There are many different manifestations of racism in America and throughout the world. But there is not a more insidious form of racism in the United States today than “economic racism.”
Freddie Gray, 25, was racially profiled and then chased down by the Baltimore police officers. He subsequently died as result of police action taken after what the mayor called an unjust arrest. But the Gray tragedy is not an isolated case. It is symptomatic of a criminal justice system gone mad with racism and bigotry.
Despite ill-intended efforts to do it for us, Black Americans have a responsibility to define our own reality. It is a fundamental human right recognized and respected by the United Nations. Therefore, it is incumbent upon us to define, without apology, the deadly and debilitating manifestation of racial discrimination and injustice as “economic racism.”
Mass incarceration in the United States is counterproductive and disproportionately causes a long-term injury to Black Americans and others who remain trapped in poverty and disillusionment. How is it that the richest nation on earth and the most technologically advanced society now has the largest prison population in the world?
[caption id="attachment_23799" align="alignleft"]stockvault.net[/caption]I know from firsthand experience that the “criminal justice system” today in the United States is in serious and urgent need of reform, repair and restructuring. Millions of families have been devastated by the “overcriminalization” of people in America. Black American families in particular have suffered and continue to suffer disproportionately as a result of an unjust system of justice.
[caption id="attachment_23710" align="alignleft"]stockvault.net[/caption]In recognition of the 75th Anniversary of the National Newspaper Publishers Association (NNPA), I believe it is important to emphasize both the historical and contemporary mission, value and success of the Black Press in America. For the past 188 years Black Americans have labored diligently and responsibly to publish and distribute Black-owned newspapers in the interests of millions of Black Americans and others who cry out for freedom, justice, equality and empowerment.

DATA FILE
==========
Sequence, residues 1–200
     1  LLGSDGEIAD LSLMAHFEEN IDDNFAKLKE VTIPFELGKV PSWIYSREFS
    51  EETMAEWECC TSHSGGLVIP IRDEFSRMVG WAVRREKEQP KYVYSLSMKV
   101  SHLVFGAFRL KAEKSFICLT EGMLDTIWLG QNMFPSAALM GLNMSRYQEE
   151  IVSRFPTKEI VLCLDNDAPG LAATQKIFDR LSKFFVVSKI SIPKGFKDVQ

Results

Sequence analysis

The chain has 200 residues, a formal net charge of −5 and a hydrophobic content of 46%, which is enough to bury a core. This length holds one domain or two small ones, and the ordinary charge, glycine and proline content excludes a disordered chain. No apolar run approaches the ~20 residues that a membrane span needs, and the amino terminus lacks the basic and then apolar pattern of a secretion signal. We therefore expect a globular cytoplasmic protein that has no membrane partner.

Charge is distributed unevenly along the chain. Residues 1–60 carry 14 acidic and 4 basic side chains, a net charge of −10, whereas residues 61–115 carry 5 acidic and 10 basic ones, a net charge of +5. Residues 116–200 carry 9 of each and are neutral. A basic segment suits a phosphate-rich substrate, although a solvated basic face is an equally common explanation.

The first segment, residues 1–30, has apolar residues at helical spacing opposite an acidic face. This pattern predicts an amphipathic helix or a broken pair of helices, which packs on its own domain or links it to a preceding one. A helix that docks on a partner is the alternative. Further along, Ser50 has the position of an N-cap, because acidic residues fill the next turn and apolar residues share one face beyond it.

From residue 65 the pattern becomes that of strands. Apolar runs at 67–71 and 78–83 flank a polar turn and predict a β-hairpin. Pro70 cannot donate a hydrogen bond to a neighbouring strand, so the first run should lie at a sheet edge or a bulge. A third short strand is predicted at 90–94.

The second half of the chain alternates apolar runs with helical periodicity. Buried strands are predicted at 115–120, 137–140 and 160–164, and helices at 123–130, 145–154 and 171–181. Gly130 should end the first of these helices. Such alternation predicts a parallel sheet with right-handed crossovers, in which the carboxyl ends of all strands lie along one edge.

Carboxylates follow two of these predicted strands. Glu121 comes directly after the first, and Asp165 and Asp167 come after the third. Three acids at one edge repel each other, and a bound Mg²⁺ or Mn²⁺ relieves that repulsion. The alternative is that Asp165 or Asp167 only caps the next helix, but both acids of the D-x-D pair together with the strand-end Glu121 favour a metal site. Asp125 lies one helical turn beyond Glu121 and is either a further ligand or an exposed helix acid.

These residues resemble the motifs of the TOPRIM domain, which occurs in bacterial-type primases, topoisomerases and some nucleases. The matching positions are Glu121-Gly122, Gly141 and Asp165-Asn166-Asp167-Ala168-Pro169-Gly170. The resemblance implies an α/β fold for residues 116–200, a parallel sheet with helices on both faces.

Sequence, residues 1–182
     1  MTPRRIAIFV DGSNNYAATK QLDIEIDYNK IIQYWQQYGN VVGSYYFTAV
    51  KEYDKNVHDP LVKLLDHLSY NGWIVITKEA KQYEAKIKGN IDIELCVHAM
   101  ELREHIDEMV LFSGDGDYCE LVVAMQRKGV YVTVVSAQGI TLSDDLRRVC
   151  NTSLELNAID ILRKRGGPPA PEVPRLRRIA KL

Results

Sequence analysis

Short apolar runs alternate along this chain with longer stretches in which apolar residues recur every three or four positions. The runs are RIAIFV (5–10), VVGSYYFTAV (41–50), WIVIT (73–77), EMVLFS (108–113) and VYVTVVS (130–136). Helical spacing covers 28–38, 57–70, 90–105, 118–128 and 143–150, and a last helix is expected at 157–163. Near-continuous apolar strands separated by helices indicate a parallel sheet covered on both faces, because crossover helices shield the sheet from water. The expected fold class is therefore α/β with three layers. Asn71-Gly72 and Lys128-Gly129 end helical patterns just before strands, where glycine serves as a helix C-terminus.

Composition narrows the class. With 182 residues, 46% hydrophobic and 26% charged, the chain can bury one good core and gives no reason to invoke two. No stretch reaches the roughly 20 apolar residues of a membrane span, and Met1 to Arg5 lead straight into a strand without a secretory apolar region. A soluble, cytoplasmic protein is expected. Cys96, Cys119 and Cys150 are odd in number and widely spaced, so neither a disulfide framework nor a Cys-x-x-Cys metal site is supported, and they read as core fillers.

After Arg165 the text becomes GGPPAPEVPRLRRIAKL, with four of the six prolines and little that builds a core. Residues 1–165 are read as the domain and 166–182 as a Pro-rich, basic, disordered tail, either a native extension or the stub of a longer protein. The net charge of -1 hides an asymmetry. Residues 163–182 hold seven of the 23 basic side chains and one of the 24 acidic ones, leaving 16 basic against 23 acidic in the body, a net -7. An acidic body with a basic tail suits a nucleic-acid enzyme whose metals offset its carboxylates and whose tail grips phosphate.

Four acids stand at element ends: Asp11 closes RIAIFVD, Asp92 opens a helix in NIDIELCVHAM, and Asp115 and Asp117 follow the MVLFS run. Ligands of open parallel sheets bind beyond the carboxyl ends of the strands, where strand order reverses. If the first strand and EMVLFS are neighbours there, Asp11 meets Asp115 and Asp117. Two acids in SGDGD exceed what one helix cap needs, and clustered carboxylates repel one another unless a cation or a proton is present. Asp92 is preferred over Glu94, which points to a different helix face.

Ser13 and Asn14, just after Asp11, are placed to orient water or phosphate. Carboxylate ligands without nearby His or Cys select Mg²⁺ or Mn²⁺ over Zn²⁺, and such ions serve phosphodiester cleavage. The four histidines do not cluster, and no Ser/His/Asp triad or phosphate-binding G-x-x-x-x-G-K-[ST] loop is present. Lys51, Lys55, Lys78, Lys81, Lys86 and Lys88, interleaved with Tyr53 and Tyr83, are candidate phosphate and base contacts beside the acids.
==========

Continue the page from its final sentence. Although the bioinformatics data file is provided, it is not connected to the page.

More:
[caption id="attachment_23606" align="alignleft"]stockvault.net[/caption]The U.S. Department of Justice (DOJ) report on the Ferguson, Mo. Police Department sheds a brighter light on a serious racial injustice malignancy that is not isolated or unique to that besieged city. What the Justice Department concluded in Ferguson, after months of intense investigation, exposes a systematic pattern of injustice and inequality that can actually be found in many cities across the nation.
[caption id="attachment_23447" align="alignleft"]mentalhelp.net[/caption]There are two related violent phenomena in that are now getting renewed public attention and research around the world, as well as considerable debate and denial. The twin evils are terrorism and racism.
[caption id="attachment_23253" align="alignleft"]stockvault.net[/caption]Whether it is in an inner city neighborhood across America, the Caribbean, in Europe or in a sprawling mass of people in an African or Brazilian urban area, millions of Black youth throughout the world are crying out for a better quality of life. They should always have a better life than their parents.
The best way to celebrate Black History Month is to make more Black history. Black History Month is now celebrated around the world. We are grateful for the visionary leadership of noted historian and scholar Carter G. Woodson for being the founder of what was known as Negro History Week in 1926 that 44 years later evolved into Black History Month.